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Making a difference in the pandemic

A person entering a bus carrying food

The COVID-19 pandemic produced truly impressive responses from volunteer groups all over the UK. We realised that many of the groups receiving a QAVS this year would have been at the frontline of these efforts and wanted to say a special thank you. We therefore created a special designation to give extra recognition to any QAVS awardees that also provided impactful support during the pandemic. See all 164 recipients of this award. 

These groups really stepped up to the plate. Some ramped up their usual activity to extraordinary levels in order to meet increased demand. Others made major adaptations or turned their hand to completely new activities to make sure people got the help they needed. We’re grateful to them, and to all the amazing volunteers around the UK who supported their communities in a very challenging situation.  

Oliver Dowden MP, the Secretary of State for Digital, Culture, Media and Sport, expresses his thanks

Read the video transcript

Every year, we come together through the Queen’s Award to celebrate the most outstanding and
inspirational groups of volunteers across the country. Year after year, we hear stories about their
selflessness, their compassion – of their thousands of acts of kindness that help people get through
the day. But after a year like no other, we have some special stories to tell. Faced with a global
pandemic, our volunteer army has stepped up to meet soaring demand, helping the British people
face down an unprecedented crisis. These groups have served as the Home Guard in our battle
against coronavirus – the first line of defence in communities across the country. They have delivered
PPE and collected prescriptions. They have called those self-isolating to combat loneliness and
delivered food parcels. In short, they have matched this pandemic with an epidemic of kindness. So,
in recognition of these extraordinary circumstances, this year the Queen’s Award includes a special
designation for 164 groups who went above and beyond during COVID. Many of those groups have
expanded – like the Sikh community group in Southall who provided some 73,000 meals to those in
need during lockdown. They have adapted – like Mindsong, who set up live singing sessions in care
homes on Zoom. And they have helped those in need in every corner of the UK, from CATCH Leeds
and Crusaders Football Club in Belfast, to Compassionate Inverclyde and Matthew’s House in
Glamorgan. We’re hugely grateful to them, and to all the volunteers up and down the UK who have
worked so hard to see us through the pandemic. When we look back on this crisis in the years to
come, it’ll be their stories that shine through. In extraordinary circumstances, they went to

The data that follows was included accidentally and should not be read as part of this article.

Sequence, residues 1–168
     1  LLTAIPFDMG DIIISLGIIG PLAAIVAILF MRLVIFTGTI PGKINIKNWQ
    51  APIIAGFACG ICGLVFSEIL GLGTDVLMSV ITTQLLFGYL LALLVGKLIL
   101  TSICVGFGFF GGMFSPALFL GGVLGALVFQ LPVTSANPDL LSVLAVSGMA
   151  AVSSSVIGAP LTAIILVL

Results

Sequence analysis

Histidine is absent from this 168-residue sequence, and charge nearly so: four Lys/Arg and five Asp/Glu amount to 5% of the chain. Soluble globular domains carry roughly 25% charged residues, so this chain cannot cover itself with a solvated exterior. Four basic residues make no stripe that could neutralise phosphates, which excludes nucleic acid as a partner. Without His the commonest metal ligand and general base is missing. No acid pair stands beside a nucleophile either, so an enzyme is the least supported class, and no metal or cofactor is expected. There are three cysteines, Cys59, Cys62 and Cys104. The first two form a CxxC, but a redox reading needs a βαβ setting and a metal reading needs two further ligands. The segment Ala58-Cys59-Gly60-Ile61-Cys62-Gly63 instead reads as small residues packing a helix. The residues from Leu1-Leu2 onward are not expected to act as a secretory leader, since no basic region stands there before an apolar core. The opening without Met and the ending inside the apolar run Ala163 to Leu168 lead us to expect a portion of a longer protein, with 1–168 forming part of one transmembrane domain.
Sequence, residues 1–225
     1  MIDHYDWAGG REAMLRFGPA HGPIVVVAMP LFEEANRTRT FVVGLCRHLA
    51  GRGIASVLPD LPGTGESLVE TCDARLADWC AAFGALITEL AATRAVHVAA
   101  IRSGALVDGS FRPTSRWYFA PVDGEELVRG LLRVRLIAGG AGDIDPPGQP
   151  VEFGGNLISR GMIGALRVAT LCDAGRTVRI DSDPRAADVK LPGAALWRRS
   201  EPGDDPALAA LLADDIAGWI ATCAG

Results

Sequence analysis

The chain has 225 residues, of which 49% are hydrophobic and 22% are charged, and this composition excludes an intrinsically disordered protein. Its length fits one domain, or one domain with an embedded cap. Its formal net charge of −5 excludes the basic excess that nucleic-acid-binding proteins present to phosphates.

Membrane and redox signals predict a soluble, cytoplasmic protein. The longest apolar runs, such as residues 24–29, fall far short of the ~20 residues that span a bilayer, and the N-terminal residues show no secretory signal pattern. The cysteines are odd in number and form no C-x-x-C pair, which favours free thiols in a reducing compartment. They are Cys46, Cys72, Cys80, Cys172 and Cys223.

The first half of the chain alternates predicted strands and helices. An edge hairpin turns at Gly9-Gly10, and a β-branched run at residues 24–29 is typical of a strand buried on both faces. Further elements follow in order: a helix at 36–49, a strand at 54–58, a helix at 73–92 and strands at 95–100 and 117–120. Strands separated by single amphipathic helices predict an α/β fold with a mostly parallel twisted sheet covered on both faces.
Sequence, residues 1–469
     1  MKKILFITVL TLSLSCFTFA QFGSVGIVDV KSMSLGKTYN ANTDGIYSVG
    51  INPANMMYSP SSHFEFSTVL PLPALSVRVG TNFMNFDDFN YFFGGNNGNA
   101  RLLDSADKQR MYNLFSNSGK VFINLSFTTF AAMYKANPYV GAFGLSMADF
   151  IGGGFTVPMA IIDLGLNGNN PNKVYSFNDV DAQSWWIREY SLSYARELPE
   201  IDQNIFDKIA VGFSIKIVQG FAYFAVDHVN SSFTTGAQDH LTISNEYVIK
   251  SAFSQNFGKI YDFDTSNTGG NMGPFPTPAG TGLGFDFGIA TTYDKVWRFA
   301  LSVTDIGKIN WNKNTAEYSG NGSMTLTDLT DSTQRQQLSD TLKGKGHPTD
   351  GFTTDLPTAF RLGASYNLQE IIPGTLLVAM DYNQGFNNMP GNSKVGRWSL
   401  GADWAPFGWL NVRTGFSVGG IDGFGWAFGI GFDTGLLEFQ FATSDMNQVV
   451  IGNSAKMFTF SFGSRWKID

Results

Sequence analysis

extraordinary lengths to help others. So congratulations – and thank you on behalf of the entire
nation.

Some more of their stories are described below.

Small Acts of Kindness in Hertfordshire massively expanded their usual support to older members of the community. They partnered with organisations, including the NHS and Council, to provide unprecedented numbers of ‘Warm in Winter’ gift bags, weekly meals for over 70 older people, wellbeing gift bags for discharged mental health hospital patients, along with thousands of activity and gift bags to help older people feel less isolated.

Three people holding small acts of kindness bags

In Argyll, the volunteers of Shopper-Aide’s ‘Phone Buddies’ calls, shopping deliveries and book/jigsaw swaps were a lifeline during the pandemic – and they managed to support a big increase in beneficiaries too.

Man holding a tray of vegetables near a car

The Women’s Inclusive Team in Tower Hamlets, London, pulled out all the stops. At the start of the pandemic, they set up a foodbank that supported nearly 700 people with food parcels, and they launched a community kitchen that delivered daily hot meals to 150 households.

Woman holding a tray of vegetables

In County Antrim, the volunteers of A Safe Space to Be Me not only managed growing demand for their mental health support, but also provided practical help with food, shopping, prescriptions, laptops and financial aid.

Essex Police Special Constables increased their frontline volunteer policing hours to provide extra support during the first months of lockdown and also played a significant role in the collection, assembly and distribution of PPE across the region.

Policeman next to a bike

And finally, many hundreds of blood bike volunteers, including Blood Bikes Wales, increased their deliveries of blood products and test samples significantly, providing essential support to the NHS.

Policeman on a motorbike

The selfless activities of QAVS awardees and thousands of other volunteers around the UK have reminded us that difficult times can bring out the best in humanity. We’ll be telling many more stories like this over the next few weeks on our blogs and social media sites, so do look out for our posts.